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Contagious CommunitiesMedicine, Migration, and the NHS in Post War Britain$
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Roberta Bivins

Print publication date: 2015

Print ISBN-13: 9780198725282

Published to Oxford Scholarship Online: September 2015

DOI: 10.1093/acprof:oso/9780198725282.001.0001

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Genetically Ethnic? Genes, ‘Race’, and Health in Thatcher’s Britain

Genetically Ethnic? Genes, ‘Race’, and Health in Thatcher’s Britain

Chapter:
(p.304) 6 Genetically Ethnic? Genes, ‘Race’, and Health in Thatcher’s Britain
Source:
Contagious Communities
Author(s):

Roberta Bivins

Publisher:
Oxford University Press
DOI:10.1093/acprof:oso/9780198725282.003.0007

Molecular genetics was an area in which elite British scientists and research institutions sought to compete on a global scale. Sickle cell anaemia and thalassaemia, genetic conditions strongly linked to specific racialized ethnic communities, offered British researchers an opportunity to leapfrog their US counterparts: here, the UK’s newly diverse population and less toxic racial politics represented a huge advantage. So too was the availability of the NHS as a source of universal healthcare, and the discretionary power held by research elites within it to mediate access to both specialist and general services in the name of research. Yet service provision to affected communities lagged behind research funding, emerging only in response to community activism. While sickle cell anaemia and thalassaemia were not significant sources of morbidity or mortality, their symbolism and scientific potential attracted clinical and political attention denied to other more mundane (and more prevalent) chronic conditions.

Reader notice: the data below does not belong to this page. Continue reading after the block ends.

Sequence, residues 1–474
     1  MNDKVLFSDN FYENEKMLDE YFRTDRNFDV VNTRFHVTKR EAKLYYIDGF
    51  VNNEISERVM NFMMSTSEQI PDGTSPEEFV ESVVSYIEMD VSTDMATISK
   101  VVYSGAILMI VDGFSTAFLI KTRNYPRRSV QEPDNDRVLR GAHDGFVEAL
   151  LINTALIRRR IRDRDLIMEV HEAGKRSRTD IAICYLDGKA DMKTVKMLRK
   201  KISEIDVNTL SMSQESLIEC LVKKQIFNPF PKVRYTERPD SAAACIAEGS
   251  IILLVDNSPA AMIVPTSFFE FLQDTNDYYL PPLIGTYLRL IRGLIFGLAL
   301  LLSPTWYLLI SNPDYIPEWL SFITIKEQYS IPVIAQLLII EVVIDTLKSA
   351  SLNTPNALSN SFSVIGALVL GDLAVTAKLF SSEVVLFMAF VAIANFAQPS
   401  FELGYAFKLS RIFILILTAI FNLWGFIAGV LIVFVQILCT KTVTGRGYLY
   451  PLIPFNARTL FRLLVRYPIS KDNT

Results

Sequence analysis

Keywords:   molecular genetics, sickle cell anaemia, thalassaemia, Department of Health and Social Services, Medical Research Council, ethnicity, race concepts, inequality, activism

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